Support for BGP over dynamic PPPoE subscriber interfaces includes the following:
Route advertisement over the BGP-established PPPoE neighbor.
End-to-end bidirectional traffic from the core to the IP prefix advertised in the BGP route.
Dedicated next hops are created by the routing daemon for subscriber routes, rather than reusing shared next hops and pseudo logical interfaces.
The BGP over dynamic PPPoE interfaces feature does not support the following:
IBGP, because it might involve multihops
BFD for the PPPoE subscribers
Interface sets for the PPPoE subscribers
Aggregated Ethernet targeting
IPv6 address family
More than one routing protocol besides BGP over the same subscriber
MPLS termination on the PPPoE subscriber next hop
Subscribers over pseudowire interfaces over redundant logical tunnel stacking
Subscribers over pseudowire interfaces over demux0 stacking
The following interface stacking configurations are supported for routing-service-enabled PPPoE:
PPPoE over dynamic VLANs
PPPoE over static VLANs
PPPoE over stacked VLANs (with inner and outer VLAN IDs)
The underlying VLAN for which routing services is enabled supports:
Stacking of routing-service-enabled and routing-service-disabled PPPoE subscribers.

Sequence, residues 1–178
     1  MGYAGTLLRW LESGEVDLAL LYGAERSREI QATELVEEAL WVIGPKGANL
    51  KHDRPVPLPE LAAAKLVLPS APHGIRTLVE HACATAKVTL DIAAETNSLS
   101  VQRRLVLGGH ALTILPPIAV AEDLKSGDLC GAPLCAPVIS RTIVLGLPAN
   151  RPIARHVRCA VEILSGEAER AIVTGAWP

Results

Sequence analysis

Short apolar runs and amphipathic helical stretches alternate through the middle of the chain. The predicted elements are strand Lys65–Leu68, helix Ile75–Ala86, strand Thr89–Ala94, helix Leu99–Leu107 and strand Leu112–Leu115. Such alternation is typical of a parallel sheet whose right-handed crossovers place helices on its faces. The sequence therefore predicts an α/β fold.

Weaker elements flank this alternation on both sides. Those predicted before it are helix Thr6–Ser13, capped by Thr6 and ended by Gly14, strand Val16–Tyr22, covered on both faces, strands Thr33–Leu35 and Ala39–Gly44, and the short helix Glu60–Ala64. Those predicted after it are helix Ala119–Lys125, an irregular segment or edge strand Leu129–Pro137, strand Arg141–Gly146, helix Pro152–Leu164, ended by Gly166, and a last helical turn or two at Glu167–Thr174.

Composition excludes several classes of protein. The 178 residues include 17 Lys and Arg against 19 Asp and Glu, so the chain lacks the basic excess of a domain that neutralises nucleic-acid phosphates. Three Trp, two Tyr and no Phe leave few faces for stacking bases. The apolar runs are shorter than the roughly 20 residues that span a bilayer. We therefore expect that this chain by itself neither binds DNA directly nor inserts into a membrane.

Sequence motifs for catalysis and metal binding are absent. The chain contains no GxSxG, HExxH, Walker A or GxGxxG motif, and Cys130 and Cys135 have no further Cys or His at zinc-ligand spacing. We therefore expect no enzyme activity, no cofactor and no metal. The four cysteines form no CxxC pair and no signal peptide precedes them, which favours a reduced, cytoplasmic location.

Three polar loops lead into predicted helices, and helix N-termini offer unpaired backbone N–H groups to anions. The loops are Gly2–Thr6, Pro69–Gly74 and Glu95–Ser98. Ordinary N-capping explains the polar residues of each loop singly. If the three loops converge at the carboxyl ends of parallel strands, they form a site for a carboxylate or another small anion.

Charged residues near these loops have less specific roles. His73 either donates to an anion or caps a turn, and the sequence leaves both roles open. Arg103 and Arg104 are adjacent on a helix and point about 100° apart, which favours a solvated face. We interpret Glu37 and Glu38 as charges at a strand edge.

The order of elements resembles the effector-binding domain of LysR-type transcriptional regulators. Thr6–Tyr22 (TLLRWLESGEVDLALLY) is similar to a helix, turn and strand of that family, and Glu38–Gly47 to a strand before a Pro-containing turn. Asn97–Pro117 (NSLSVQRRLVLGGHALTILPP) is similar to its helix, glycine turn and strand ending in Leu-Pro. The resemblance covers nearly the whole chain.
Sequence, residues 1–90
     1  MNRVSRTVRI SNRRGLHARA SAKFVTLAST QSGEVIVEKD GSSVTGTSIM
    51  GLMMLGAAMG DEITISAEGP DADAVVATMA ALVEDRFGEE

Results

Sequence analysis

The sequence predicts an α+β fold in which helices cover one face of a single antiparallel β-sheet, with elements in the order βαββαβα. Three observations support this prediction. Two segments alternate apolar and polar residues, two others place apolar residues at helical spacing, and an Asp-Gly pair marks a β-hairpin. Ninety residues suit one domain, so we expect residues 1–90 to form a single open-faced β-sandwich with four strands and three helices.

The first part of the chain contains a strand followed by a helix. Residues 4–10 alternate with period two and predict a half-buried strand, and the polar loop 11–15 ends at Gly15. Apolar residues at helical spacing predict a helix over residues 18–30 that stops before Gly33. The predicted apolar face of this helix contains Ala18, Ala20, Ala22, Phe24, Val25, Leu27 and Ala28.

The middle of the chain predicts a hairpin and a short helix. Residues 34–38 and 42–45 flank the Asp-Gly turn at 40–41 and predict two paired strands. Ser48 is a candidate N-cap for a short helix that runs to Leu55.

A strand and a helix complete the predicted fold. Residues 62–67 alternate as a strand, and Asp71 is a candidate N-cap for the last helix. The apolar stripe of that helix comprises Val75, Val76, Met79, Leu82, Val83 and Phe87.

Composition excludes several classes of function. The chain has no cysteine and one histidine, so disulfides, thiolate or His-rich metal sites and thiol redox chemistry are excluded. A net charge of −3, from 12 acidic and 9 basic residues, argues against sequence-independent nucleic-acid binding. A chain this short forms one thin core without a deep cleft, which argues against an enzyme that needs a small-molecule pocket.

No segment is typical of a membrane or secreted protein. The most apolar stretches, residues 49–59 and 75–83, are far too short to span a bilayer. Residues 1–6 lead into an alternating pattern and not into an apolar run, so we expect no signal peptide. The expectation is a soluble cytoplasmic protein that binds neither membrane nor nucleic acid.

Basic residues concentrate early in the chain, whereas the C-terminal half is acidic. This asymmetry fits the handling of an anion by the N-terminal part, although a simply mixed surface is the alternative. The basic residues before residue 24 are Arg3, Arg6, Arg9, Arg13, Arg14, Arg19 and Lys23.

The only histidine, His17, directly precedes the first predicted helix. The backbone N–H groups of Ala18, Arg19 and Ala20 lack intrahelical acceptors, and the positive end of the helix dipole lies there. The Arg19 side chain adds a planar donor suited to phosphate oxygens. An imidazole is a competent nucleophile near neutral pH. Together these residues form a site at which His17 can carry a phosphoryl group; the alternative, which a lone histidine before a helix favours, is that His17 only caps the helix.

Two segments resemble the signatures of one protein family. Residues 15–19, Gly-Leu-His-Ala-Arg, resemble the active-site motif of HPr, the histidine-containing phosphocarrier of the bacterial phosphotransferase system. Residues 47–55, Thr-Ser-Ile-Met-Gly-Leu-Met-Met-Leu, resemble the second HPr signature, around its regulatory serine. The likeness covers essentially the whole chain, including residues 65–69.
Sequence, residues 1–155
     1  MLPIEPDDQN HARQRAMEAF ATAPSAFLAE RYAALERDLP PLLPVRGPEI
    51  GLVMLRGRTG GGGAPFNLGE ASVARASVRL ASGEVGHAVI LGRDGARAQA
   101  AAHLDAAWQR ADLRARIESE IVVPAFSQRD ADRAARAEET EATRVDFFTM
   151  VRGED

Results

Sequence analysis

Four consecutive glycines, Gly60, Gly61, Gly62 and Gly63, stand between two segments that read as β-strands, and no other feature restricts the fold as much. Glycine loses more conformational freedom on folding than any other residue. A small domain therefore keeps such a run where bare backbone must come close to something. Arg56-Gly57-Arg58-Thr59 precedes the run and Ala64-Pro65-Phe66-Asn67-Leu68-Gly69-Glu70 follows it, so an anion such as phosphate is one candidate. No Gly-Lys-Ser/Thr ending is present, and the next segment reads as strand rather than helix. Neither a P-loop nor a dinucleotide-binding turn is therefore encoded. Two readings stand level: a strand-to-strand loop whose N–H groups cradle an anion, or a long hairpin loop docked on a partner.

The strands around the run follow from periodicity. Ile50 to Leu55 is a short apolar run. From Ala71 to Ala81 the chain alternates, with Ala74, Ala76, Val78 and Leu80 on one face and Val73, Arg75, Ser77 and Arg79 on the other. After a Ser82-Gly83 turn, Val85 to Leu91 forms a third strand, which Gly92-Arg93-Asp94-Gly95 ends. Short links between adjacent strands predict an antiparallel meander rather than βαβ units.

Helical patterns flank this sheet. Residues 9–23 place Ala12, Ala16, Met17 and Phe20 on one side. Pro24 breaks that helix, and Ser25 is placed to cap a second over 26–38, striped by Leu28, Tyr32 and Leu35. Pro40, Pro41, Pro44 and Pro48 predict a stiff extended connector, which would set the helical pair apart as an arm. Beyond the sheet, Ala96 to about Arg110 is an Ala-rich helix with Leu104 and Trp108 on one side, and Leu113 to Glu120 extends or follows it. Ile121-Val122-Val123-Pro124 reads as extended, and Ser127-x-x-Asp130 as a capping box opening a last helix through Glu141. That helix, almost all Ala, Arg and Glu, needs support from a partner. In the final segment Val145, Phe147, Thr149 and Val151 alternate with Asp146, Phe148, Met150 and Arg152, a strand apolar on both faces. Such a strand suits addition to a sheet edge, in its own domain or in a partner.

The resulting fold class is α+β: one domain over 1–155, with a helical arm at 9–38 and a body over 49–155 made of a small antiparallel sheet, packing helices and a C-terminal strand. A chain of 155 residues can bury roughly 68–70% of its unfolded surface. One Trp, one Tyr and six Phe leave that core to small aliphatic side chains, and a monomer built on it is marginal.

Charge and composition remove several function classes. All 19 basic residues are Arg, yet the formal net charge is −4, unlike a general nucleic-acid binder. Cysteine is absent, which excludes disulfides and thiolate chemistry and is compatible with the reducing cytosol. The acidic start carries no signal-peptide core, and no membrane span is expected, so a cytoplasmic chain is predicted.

Stacking of other access models such as DHCP.
The parent physical interface can be a leg in an aggregated Ethernet bundle.
Address Resolution and Enhanced Subscriber Management
Starting in Junos OS Release 18.4R1, several enhancements are available for address resolution with enhanced subscriber management. These enhancements affect only framed routes on dynamic VLANs. Framed routes associated with DHCP subscribers function the same as before this feature support.
Dynamic layer 2 MAC address resolution is supported for non-host routes. Users deploying statically addressed IP clients or a mix of statically addressed IP clients and DHCP clients can use network (/29) framed routes or host (/32) framed routes to establish reachability. The /29 routes are coupled with the dynamic Layer 2 address associated with a host framed route. This supports business users who use routers with multiple public addresses behind CPE routers. This feature is enabled by default and requires no special configuration.
In earlier releases, dynamic address resolution is supported only for host framed routes; network framed routes that resolve to an indirect next hop (such as a local gateway) are not supported.
By default, an IPv4 framed host route is permanently associated with the source MAC address from the trigger packet that created the dynamic VLAN. You can override this behavior by enabling dynamic ARP to resolve the MAC address for the framed host routes with the ipoe-dynamic-arp-enable statement. ARP protocol exchange resolves the Layer 2 address for the framed route.
The router can compare the source MAC address received in a gratuitous ARP request or reply packet with the value in the ARP cache. The router updates the cache with the received MAC address if it determines this address is different from the cache entry. Include the receive-gratuitous-arp statement to enable this feature.